An alarm clock

Lib Dem Councillor defects to Greens due to Womack-Omond campaign

These round ups are beginning to sound like a broken record when it comes to endorsements. Each week it is reiterated that as the campaign rolls on there is a steady flurry of the great and good from inside and outside the party throwing their weight behind this or that candidate. This week is no different, and endorsements are once again two a penny.

However, Amelia Womack and Tamsin Omond’s campaign got an boost from an endorsement a little more out of the ordinary. Nick Stapleton, previously a councillor for the Liberal Democrats in Tonbridge and Malling announced he had defected to the Green Party citing that he was inspired by the Womack-Omond campaign as a driver in his decision. Stapleton said:

I joined the Green Party as a new Green Councillor because I believe Amelia and Tamsin are the new and fresh leadership the party needs. We’re a growing force in local politics and this is the team to reach younger people and take the party forward.

Womack naturally welcomed the news. She said:

We’re delighted to have Nick join us and gain one more Green councillor, standing up for local residents. As leaders, Tamsin and I will double our number of councillors by 2025, building on the party’s huge progress in recent years and inspiring more people than ever to vote Green in local and national elections.

Stapleton joins a number of other Councillors who added their name to the long list of Womack-Omond backers this week. Among those to back the pair were Brighton & Hove Councillor Siriol Hugh-Jones and Sheffield Councillor Angela Argenzio.

Big names backing Carla Denyer and Adrian Ramsay

Endorsements galore! (See introduction to story above for obligatory endorsements disclaimer). This week Carla Denyer and Adrian Ramsay’s list of endorsements also grew.

First up it was Judy Maciejowska, a former elections coordinator for the Green Party. Writing for Bright Green, she said the pair were the only candidates that “tick all the boxes” needed in a party leader. According to Maciejowska, these are “sound political experience”, “media experience”, “experience of working at local party level”, “internal experience of how the party works”, and “a willingness to listen”.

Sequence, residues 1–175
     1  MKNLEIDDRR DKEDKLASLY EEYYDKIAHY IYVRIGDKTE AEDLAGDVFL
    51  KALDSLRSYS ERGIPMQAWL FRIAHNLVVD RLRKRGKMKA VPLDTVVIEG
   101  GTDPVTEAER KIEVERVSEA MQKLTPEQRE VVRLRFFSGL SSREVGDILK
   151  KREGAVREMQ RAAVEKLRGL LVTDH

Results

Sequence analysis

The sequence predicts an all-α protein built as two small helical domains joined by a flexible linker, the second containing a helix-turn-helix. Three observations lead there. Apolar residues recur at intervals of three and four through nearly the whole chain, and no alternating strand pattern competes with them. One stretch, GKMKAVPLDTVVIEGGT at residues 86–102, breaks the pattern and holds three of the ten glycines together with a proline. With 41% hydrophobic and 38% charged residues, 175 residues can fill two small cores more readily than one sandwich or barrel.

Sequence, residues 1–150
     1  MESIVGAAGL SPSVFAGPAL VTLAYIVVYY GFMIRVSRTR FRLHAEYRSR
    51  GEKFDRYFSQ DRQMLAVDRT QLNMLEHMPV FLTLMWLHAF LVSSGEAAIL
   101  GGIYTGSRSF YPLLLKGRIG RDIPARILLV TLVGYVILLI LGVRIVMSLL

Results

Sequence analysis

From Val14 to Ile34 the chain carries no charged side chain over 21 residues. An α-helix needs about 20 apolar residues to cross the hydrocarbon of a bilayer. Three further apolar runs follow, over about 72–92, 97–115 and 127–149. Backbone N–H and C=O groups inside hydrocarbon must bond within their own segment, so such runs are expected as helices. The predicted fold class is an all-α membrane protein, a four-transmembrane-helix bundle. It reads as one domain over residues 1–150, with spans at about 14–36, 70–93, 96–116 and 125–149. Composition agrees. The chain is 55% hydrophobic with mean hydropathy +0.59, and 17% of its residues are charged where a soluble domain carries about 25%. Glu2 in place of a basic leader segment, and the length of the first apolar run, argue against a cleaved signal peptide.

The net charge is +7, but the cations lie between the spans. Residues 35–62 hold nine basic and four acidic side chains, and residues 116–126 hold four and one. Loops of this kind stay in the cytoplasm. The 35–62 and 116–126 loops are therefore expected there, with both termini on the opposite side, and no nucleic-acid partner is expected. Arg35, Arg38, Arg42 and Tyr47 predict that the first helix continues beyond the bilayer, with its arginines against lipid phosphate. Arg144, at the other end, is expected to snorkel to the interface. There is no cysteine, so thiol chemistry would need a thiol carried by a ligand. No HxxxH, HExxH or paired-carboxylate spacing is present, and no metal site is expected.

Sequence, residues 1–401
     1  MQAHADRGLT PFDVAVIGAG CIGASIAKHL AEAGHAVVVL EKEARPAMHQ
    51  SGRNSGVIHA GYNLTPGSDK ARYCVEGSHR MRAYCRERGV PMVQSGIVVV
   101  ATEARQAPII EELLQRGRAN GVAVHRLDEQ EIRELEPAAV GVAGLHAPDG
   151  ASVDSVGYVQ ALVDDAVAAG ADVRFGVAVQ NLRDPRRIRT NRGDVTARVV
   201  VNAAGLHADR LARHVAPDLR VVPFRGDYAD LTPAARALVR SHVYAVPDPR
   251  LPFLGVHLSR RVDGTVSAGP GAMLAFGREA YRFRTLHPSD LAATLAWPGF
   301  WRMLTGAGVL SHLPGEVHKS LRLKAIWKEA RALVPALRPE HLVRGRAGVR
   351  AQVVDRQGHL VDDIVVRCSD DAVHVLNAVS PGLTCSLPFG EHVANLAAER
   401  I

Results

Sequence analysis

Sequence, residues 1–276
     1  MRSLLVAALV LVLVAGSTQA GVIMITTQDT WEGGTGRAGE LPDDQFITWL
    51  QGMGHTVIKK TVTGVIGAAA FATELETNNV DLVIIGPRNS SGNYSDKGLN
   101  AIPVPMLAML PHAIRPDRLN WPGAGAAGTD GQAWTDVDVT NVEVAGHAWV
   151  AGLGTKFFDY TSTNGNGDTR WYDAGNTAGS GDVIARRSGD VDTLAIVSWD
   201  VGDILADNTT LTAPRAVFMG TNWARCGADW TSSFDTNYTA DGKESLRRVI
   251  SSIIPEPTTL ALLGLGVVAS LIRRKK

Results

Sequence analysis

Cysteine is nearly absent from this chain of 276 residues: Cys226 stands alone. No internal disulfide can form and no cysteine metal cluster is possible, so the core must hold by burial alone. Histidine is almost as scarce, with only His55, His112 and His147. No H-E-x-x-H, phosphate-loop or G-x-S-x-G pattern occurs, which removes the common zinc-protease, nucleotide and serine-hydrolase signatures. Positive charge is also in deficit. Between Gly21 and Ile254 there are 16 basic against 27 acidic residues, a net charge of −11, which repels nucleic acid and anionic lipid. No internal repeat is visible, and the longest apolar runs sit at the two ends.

Also among those to add their backing for Denyer and Ramsay was Andrew Simms. Simms is a co-director of the New Weather Institute and described his favoured candidates as a compelling, confident and courageous team:

Candidates respond to pledges from Jewish Greens

Another common feature of Green Party leadership contests is the proliferation of pledges various groups within the party ask candidates to sign. This week, the Jewish Greens published candidate responses to their campaign pledges. The pledges are as follows:

  1. Would you support the Guidance on Antisemitism being included in the
    Framework for Ethics and Conduct?
  2. Would you commit to the principle of “nothing about us, without us” when
    talking publicly about issues relating to liberation groups?
  3. Would you attend antisemitism training and support its role out across the

The Womack-Omond and Denyer-Ramsay tickets were the only candidates to agree to all three of these pledges. Shahrar Ali signed pledge two and three. Martin Hemingway and Tina Rothery only signed the third pledge, refusing to respond to the first and second pledge because they “do not permit a nuanced answer”. According to the Jewish Greens, Ashley Gunstock was advised by the electoral returning officer “to refuse to answer yes/no questions”.

From the lengthier responses to a wider set of questions posed by the Jewish Greens, it appears that Ali, Rothery and Hemingway did not sign the pledge concerning proposed guidance on antisemitism because they support the Jerusalem Declaration definition on antisemitism, as opposed to the International Holocaust Remembrance Alliance (IHRA) definition. The proposed guidance – to be brought to the Green Party’s Autumn Conference – includes both the IHRA and Jerusalem Declaration definitions, in addition to a series of other explanations of antisemitism.

Shahrar Ali issues responses to questions from members

Shahrar Ali has this week been keeping himself busy by issuing detailed responses to questions from members. In a series of posts on his website, Ali published his thoughts on climate and ‘engaging voters’.

In his climate post, Ali largely reiterated statements he’d previously made at hustings, in debates or in interviews with The Morning Star and the London Green Left blog.

In his ‘engaging voters’ post, Ali once again stated that he wanted to appeal to women, ethnic minorities and disenfranchised Labour voters. On the latter, he said there was an “open door” for the Greens under Starmer. He said:

I would be challenging and exposing the lightweight political responses of Starmer and building our profile as the true and main opposition to this government. We have an open door for our eco-socialist policies to find purchase, while Starmer is trying to re-brand his party as centrist.

Ali also said a “key plank” of his campaign was addressing the “worrying trend” of so-called “cancel culture” which he claimed “is having a hugely detrimental impact on our appeal”.

Carla Denyer and Adrian Ramsay set out their plan for reclaiming the Green New Deal

Another week, another comment piece from a leadership campaign. Writing in Left Foot Foward this week, Carla Denyer and Adrian Ramsay set out their belief that the party needs leadership that can “take back the Green New Deal from Labour”. The pair wrote: